A logo is more than just a symbol, it’s a visual representation of a brand’s identity, values and story. A logo has to encompass all that, while still resonating with an audience, and be easily replicable and applicable to various marketing swag (collateral).
To ensure the design fulfils the requirements and results in a logo that will stand the test of time, there is a process that all designers go through. We hope to pull back the curtain a little bit on the logo design process so if you’re in the process of rebranding, you have more of an idea of what to expect.
1. Sketch a Variety of Logo Concepts
At this stage, you’ve already considered what you want your design to be. So step one is to cultivate a collection of logo concepts. Here, we (the designers) will sketch, sketch, sketch. The reason for this is to just let out all of that brain stew (not the Green Day song) that’s been cooking up in each other’s minds.
You both need to see what your ideas look like outside of your heads. Sketching is a simple, but effective and important brainstorming step, so the logo design software isn’t required quite yet, as this stage is old skool analogue pencil and paper.
With all the concepts laid out before yourselves, you’ll soon discern what works and what doesn’t, what themes and threads you seem to follow more often and then mix and match the elements until you settle on the one.
Eventually, you’ll pick out a design. You can refine it by removing certain elements and changing minor details, and begin typography explorations. By playing around with it with minor changes, you’ll further ensure you have the best design picked from the bunch.
2. Create Digital Drafts in a Vector Software
Now it’s time to load up the vector software and translate your (no longer brain stew) logo into digital! From here, we’ll take three of our best designs and recreate them. Your logo will be really taking form now.
Now it’s digitised, you can make the crucial design decisions such as colour and typography, checking black versions vs white versions, sizing etc, so this is where knowledge of the software being used plays a crucial part.
Now it’s done! Kind of, but the continuation of this stage is to create a presentation to fully showcase your design. This includes flat logo, variations, overlay with brand imagery and mock ups out in the real world. What you’re doing with the showcase is communicating your version of the brand with a persuasive, knockout logo presentation.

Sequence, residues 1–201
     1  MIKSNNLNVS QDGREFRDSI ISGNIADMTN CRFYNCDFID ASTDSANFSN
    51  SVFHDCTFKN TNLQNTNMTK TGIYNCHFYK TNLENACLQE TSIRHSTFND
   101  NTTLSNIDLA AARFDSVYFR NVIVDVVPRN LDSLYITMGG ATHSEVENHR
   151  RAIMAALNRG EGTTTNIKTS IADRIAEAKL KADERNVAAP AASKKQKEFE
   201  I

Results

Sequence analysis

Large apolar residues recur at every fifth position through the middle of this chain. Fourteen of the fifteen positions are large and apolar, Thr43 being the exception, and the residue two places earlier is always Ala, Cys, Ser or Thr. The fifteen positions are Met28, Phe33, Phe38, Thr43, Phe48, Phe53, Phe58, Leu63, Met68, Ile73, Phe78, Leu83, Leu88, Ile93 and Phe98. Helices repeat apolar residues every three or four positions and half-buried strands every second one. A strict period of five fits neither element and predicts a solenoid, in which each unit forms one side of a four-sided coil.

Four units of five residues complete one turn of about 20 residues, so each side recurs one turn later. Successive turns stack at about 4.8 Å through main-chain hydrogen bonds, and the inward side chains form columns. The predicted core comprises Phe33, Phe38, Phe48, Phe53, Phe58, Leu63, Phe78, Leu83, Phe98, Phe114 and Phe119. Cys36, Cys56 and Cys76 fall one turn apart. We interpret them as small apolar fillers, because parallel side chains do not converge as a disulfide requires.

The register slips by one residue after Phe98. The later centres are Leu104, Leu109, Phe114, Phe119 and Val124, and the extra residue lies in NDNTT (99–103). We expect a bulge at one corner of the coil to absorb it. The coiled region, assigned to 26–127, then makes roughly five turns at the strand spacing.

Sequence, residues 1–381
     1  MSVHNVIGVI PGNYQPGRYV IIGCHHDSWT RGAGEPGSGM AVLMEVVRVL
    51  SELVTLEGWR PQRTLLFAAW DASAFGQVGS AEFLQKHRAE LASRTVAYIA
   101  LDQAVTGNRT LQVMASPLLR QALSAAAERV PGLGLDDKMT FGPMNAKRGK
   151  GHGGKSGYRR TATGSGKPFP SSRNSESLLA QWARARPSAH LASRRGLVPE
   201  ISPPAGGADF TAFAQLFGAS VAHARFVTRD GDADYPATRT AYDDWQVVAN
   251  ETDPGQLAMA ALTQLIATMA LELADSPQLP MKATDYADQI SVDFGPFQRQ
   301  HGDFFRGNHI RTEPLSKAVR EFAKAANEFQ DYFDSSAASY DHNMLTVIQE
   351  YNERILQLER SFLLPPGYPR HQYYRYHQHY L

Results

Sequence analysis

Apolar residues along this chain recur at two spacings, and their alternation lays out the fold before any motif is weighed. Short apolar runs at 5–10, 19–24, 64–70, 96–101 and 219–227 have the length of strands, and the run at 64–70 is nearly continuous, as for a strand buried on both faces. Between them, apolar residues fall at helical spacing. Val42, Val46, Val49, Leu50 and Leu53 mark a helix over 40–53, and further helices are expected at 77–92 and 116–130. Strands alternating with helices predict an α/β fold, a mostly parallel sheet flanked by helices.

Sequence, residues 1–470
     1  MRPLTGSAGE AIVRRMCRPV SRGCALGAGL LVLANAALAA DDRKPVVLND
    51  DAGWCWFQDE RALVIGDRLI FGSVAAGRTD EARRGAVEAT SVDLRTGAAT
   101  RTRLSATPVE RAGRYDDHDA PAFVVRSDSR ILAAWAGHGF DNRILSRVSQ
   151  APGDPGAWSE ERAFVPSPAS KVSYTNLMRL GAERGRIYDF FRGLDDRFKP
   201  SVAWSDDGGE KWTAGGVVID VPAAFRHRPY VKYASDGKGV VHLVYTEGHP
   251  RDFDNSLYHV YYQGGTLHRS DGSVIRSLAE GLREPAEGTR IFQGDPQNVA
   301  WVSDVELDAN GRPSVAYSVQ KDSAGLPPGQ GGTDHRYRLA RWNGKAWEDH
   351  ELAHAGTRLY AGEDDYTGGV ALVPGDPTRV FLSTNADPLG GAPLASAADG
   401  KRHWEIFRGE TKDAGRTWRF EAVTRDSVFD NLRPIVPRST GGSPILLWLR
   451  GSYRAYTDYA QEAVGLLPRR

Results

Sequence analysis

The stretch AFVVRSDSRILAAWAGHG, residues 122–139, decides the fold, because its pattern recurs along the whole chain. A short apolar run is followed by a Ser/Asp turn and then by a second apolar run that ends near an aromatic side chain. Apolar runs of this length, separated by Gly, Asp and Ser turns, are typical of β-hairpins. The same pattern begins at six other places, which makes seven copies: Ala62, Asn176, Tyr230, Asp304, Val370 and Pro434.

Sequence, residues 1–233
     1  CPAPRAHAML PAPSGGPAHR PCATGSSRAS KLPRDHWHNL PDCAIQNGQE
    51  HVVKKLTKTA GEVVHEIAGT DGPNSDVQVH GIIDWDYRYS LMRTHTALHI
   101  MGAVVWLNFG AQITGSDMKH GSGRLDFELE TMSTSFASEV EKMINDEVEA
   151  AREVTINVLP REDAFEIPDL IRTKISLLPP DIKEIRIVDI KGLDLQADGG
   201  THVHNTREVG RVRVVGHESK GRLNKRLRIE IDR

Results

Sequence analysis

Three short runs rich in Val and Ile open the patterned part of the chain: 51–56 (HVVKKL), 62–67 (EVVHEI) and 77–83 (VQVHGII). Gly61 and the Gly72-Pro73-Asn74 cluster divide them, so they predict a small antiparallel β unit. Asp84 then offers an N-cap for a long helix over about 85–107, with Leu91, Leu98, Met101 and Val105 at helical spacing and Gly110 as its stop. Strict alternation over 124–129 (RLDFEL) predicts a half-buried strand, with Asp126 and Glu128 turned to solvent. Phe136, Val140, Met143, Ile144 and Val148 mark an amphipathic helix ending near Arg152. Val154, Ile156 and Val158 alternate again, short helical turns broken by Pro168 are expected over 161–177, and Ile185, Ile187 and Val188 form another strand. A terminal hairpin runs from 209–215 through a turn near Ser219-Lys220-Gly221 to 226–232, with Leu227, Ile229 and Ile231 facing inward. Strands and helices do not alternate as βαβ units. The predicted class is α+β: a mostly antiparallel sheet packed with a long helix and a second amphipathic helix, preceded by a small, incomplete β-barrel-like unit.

3. Refine Your Logo Design With Feedback
Everyone’s a critic – and that’s a good thing!
Even the most perfect designer may not be able to see the forest for the trees if they’ve spent too long on a project. This means little tweaks may slip by, so usually it takes a fresh pair of eyes to look at something and point them out, which is why critique is such a vital stage.
At this point, your designer may transform into a minor social menace as they’ll want to show their clients (you), their co-workers, their S.O., friends, neighbours, their dog, whoever will listen! They’re trying to get fresh perspectives and ideas from the most unlikely of places, and gauge people’s reactions to the design to make sure the logo is having the intended effect of its design, so consider it vital research and help them as much as you can.
The logo first and foremost must represent the brand and every step you and the designer have been on up to this has had that mantra influencing the project. So now it’s in front of you, ask yourself, “is this representing the brand exactly how it needs to be?” If it isn’t, you may need to give gentle but polite feedback and the designer will be able to clarify their design choices in turn.
4. Prepare and Deliver the Final Logo Files
Did the logo survive the critique gauntlet? Wonderful! Now you’ll be sent your final files.
During the client discovery meetings, you’ll have determined your needs at the start of the process. If you have no special requirements, you’ll most likely receive:
- Layered source vector files such as AI
- Layered EPS/PDF (for clients using different vector programs)
- High res raster files for web, including PNGs with transparent backgrounds
There will also be all the basic variations of the logo included, such as full colour, black, white and monochrome. If standard font was used (as opposed to custom lettering), then the text will be outlined – otherwise the font will change on computers that don’t have it installed. Keep in mind that most font licences require the client to purchase it themselves.
The creation of a brand style guide is quite handy here; it’ll ensure your logo is used correctly long after the designer has gone. All the work that went into the partnership will endure, with boosted confidence of the final result.
5. Find A Creative Agency that Shares Your Vision
Remember, a logo is not just a mark but a symbol of a brand’s essence and values. It has the power to evoke emotions, communicate a message and leave a lasting impression. If you don’t want to design the logo yourself, it is absolutely vital you find a creative agency that shares your vision, so your brand identity can be fully realised.
Brace Creative Agency has experience in the logo design and branding department. We’ve taken numerous brands to the next level with our logo design process and the success lies in part to our client-first approach to partnership. We believe in your brand, and want to unlock its full potential.
Are you seeking an agency that shares your vision? Drop us an email at firstname.lastname@example.org or give us a ring on 01452 729 953 so we can begin the steps.